Stephen J. Meyer, CEO of the Rapid Learning Institute (RLI), was recently selected by Forbes to contribute a weekly online column. Appearing on the Entrepreneurs section of Forbes.com, Meyer will post insights into leadership, management and talent development.
Before co-founding RLI, Meyer worked in publishing, was an investigative journalist and spent several years as a writer for Advertising Age magazine. As an executive and business owner, the Forbes column provides Meyer with a forum to communicate with fellow entrepreneurs and offer wisdom from academic research, successful business executives and his own career experiences.
“It’s an honor to be selected as a Forbes contributor,” said Meyer. “I look forward to sharing thought-provoking ideas and practical advice with current and aspiring business leaders.”
Meyer also intends to impart successful talent development strategies collected over the years at RLI. “RLI has helped organizations develop leaders and employees for seven years now. Over that time, we’ve learned a lot about how to successfully train and develop people. I hope to inspire readers to prioritize workplace learning and to do it right.”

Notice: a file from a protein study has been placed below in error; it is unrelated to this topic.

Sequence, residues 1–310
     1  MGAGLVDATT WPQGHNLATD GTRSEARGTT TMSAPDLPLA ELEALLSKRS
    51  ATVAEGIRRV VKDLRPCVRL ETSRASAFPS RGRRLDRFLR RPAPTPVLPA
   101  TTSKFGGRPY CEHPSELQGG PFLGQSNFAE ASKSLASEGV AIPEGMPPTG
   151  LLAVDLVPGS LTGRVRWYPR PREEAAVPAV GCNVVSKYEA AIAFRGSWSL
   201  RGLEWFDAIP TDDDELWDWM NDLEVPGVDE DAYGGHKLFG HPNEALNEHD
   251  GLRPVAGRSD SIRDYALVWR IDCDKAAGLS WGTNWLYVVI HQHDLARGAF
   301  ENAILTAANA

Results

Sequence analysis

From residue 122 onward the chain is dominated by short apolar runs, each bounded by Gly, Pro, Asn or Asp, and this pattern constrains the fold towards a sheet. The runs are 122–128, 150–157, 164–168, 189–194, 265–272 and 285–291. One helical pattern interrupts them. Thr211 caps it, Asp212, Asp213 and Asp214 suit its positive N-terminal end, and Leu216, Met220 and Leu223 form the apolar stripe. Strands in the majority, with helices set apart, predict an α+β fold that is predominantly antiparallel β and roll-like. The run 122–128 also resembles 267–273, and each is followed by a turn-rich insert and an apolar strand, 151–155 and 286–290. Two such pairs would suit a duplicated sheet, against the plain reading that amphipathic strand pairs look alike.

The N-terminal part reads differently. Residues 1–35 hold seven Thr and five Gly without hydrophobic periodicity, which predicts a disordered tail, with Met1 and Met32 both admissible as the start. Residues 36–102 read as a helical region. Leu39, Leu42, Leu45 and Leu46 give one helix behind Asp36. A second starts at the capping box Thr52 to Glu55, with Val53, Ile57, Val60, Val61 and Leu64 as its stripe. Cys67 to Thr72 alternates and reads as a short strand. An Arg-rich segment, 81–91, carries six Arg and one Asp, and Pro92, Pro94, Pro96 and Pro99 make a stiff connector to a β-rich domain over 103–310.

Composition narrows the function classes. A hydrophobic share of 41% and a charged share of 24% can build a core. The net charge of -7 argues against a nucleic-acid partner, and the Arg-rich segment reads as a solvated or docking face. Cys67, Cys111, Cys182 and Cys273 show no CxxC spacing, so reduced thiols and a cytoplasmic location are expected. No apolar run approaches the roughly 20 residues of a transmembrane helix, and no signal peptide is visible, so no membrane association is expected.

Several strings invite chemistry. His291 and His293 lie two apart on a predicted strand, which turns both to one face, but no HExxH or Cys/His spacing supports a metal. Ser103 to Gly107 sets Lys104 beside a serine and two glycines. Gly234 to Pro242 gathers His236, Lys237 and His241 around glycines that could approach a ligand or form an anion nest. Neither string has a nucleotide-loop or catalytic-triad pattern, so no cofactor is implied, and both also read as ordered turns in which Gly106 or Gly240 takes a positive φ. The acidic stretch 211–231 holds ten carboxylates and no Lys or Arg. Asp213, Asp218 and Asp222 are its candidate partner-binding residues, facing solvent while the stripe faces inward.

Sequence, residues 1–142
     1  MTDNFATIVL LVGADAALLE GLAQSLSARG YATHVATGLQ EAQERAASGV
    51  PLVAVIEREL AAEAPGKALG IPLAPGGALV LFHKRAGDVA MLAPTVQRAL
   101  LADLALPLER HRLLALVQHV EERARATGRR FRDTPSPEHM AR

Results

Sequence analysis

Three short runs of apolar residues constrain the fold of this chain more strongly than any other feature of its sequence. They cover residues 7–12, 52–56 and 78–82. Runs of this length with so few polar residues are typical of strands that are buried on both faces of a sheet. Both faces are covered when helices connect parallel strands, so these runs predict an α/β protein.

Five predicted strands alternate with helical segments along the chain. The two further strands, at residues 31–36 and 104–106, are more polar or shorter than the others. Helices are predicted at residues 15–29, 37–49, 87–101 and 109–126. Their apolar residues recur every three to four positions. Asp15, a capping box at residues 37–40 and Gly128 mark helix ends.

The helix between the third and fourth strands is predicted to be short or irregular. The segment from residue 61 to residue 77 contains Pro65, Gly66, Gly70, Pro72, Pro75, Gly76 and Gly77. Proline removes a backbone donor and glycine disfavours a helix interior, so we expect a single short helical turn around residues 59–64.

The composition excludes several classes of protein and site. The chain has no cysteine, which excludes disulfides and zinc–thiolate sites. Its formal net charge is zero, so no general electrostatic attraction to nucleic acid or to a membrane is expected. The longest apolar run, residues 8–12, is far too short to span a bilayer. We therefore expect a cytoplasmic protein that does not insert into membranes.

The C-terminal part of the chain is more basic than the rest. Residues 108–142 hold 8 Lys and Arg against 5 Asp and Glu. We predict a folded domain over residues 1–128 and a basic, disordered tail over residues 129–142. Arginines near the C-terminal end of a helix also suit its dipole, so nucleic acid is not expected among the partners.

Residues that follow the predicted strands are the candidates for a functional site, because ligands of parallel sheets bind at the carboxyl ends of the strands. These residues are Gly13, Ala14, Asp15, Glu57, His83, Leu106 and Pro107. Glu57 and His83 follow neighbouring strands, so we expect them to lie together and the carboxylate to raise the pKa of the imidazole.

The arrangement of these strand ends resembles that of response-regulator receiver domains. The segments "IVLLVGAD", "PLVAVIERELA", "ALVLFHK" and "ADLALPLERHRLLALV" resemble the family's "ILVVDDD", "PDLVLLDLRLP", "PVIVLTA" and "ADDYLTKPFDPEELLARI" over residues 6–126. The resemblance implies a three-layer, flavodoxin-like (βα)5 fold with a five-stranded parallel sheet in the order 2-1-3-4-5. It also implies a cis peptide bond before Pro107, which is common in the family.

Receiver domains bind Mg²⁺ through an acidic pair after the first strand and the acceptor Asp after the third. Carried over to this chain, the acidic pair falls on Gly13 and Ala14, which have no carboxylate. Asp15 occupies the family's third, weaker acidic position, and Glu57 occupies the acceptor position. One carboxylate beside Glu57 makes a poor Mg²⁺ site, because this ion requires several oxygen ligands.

The column has resonated with Forbes readers, as Meyer’s two most recent posts have gained more than 33,000 views to date.
To follow Stephen Meyer on Forbes, please visit: http://www.forbes.com/sites/stevemeyer/
Rapid Learning Institute (RLI) provides online training and talent development tools for businesses, government agencies, nonprofits and educational institutions in the areas of sales, leadership and management, human resources, employment law compliance, and workplace safety. RLI’s approach is founded on three core principles: 1) Rapid Learning. Workplace training should be delivered in short bursts – just six to 10 minutes at a time. Today’s multi-tasking workforce has neither the time nor the attention span for traditional lengthy training formats. 2) Single-Concept Learning. People learn best when training is focused on a narrow concept where learning goals are clearly defined. When training is delivered in small packets, the brain can easily absorb, remember and apply what it learns. 3) Research-Based Learning. Training is most powerful when it’s grounded in verifiable research. When learners see training as credible, they’re more likely to translate the learning into on-the-job behavior. RLI’s signature six to 10 minute modules, called Quick Takes, incorporate these three ideas into unique training programs that get results.
Based in Greater Philadelphia, RLI is an operating division of Business 21 Publishing.
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